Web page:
In that context, Nugent’s assertion that “allegations of rape should be reported to the police, not to bloggers” can only reasonably be read as a claim that rape victims should keep quiet and not speak to the media. If someone rapes you, you should go to the police and otherwise tell no one; and if the police decline to prosecute or don’t get a conviction, too bad for you, you should never bring it up again.** (I await Nugent’s post condemning Richard Dawkins’ “salacious speculation” about his own experience of being fondled by a schoolmaster when he was young. Doesn’t Dawkins have any concern for the privacy of victims?)Next, there’s Jerry Coyne, who as I previously mentioned was very upset about my Guardian article. Three people have since told me that Coyne immediately banned them from his site for questioning or criticizing his post about me (1, 2, 3). One of them, ahermit, said this:
And now I’ve been banned from Coyne’s blog for pointing out the obvious…that Dawkins tweets were a response to the Buzzfeed article about Shermer. Can’t have people talking about that little problem now can we?
Lastly: One of the women quoted in the Buzzfeed article was the astronomer Dr. Pamela Gay. In a post on her blog earlier this year, “My mistake of silence“, she discussed the incident without using names. At the time, she said that someone she called “Famous Person A”, since named as Shermer in the Buzzfeed article, had tried to grope her. She also said that another individual, “person B”, intervened to protect her at the time but later tried to pressure her into silence:
I was cc’d on a chain of emails that resulted in person B denying my experience… It was clear these emails wanted me to retract my very simple account of what happened in 2008.
…Today I received the following threat from the person I thought was my friend, the person who intervened for me, person B. It was in the context of trying to get me to say nothing ever happened. He wrote, “I will also publicly speak about this as necessary, providing all documentation as necessary, including photos, emails, etc., and contact all relevant employers, as well.” He cc’d Famous Person A.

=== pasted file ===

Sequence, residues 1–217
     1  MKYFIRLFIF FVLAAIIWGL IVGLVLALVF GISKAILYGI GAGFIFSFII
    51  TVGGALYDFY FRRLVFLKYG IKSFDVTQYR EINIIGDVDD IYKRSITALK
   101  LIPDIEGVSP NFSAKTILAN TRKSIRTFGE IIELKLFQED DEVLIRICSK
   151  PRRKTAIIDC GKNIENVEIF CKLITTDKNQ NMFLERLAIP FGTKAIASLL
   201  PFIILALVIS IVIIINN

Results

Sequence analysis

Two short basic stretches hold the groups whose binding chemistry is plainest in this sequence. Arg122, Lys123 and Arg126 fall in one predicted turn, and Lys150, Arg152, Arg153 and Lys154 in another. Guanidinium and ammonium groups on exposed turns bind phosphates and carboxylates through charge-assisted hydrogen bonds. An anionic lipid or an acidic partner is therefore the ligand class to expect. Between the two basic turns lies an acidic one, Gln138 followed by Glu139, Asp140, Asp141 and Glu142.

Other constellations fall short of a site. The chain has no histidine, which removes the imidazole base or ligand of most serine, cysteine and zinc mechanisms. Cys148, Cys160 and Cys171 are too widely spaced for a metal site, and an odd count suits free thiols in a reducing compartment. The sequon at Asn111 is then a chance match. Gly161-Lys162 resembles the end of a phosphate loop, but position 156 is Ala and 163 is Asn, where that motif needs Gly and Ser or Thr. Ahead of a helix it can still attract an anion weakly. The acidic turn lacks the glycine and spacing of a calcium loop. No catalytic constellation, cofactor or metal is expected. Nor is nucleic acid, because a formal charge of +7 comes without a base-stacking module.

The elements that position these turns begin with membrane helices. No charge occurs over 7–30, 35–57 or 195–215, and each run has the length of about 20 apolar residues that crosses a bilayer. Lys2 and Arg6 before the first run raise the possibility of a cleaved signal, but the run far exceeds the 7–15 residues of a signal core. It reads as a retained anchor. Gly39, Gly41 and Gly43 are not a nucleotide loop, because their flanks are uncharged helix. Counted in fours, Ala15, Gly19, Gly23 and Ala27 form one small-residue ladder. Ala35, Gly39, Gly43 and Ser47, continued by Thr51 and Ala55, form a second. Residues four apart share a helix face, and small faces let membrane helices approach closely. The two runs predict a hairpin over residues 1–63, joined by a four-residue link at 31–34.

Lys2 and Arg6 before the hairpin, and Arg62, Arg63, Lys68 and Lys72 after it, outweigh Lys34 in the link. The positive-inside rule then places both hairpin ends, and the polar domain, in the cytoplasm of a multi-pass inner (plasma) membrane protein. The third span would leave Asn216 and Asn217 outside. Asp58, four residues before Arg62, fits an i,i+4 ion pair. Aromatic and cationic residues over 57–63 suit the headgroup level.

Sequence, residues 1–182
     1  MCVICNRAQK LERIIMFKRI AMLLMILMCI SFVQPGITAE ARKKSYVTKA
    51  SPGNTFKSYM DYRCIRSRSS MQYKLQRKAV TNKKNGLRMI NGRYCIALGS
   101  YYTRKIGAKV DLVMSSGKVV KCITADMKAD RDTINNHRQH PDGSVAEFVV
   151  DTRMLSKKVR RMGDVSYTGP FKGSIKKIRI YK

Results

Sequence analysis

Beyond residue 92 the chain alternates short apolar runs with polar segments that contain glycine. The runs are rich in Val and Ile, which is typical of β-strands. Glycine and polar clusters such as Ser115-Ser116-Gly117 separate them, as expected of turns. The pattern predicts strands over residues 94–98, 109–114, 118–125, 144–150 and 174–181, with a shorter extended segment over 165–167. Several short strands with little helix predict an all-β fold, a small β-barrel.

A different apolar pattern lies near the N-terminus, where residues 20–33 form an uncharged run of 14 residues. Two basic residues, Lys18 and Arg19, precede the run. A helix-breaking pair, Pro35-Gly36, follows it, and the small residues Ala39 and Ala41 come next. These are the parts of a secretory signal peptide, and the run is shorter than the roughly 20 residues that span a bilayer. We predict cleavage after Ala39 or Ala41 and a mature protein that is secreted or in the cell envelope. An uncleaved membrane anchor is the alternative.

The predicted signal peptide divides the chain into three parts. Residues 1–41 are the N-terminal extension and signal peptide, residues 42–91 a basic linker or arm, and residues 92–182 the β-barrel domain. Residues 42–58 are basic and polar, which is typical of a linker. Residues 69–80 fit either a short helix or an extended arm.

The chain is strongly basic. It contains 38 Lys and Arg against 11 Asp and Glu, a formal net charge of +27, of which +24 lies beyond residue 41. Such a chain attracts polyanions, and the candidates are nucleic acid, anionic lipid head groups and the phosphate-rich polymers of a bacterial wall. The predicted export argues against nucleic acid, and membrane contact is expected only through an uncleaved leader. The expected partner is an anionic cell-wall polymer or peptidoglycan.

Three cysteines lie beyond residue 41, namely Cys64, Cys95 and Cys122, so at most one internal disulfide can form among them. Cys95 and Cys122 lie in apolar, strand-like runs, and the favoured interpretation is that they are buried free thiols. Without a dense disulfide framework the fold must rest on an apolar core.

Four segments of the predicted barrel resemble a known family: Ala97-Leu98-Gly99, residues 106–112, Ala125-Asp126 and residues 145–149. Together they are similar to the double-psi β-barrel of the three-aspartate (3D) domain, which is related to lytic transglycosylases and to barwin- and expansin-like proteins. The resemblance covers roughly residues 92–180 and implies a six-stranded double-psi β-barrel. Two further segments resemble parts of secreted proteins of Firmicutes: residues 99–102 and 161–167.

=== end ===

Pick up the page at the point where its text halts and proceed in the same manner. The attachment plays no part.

I’ve corresponded with Dr. Gay, and she’s agreed to speak on the record. According to her, “person B” is D.J. Grothe, the former president of the James Randi Educational Foundation. (The Buzzfeed article cited Grothe as saying that “he had never once received a complaint” about Shermer’s behavior.)
There is, of course, no law obligating anyone in particular to discuss the accusations against Shermer, much less to believe them. However, our community has consistently condemned religious organizations that try to cover up misdeeds by one of their own – and with good reason, in my view. Secrecy leads to unaccountability, to corruption, and hence to harm. Conversely, the truth has nothing to fear from open and honest discussion. It’s this same principle which leads me to conclude that these allegations deserve a hearing, at the very least. Intellectual consistency demands no less.
There are many, many atheists who’ve condemned Catholicism and other religions for covering up allegations of molestation by clergy, shuffling predators from one parish to another or trying to pressure the victims into silence. If any of the atheists who’ve said this in the past are now taking the position that the allegations against Shermer shouldn’t be discussed, those people owe the Catholic church a very large apology. As for me, I don’t believe in a double standard, nor do I expect religion to abide by any moral rule that I don’t strive to live up to myself.
UPDATE: There’s one more relevant piece of information that’s since come to my attention and that deserves to be mentioned here. According to a post Ophelia Benson published today (and alluded to in earlier remarks), around the time she was corresponding with Richard Dawkins to negotiate the language of their joint anti-harassment statement, he asked her to “dissuade people from spreading the ‘libellous allegation that Michael Shermer is a rapist or a sexual predator.'” She declined to do as he requested.
* It’s worth comparing Randi’s paraphrase of Shermer’s explanation of his behavior – “he had a bit too much to drink and he doesn’t remember” – to Shermer’s own description of his encounter with Alison Smith as “sober and consensual”: “She was sober. I was sober.” If these are referring to the same event, there’s obviously a significant contradiction. Or are there other stories that we haven’t heard?
** If this is not Nugent’s position, I’ll be glad to issue a correction. But in that case, I’d expect him to state that he thinks Alison Smith did the right thing by coming forward. So far, he’s ducked multiple opportunities to say so.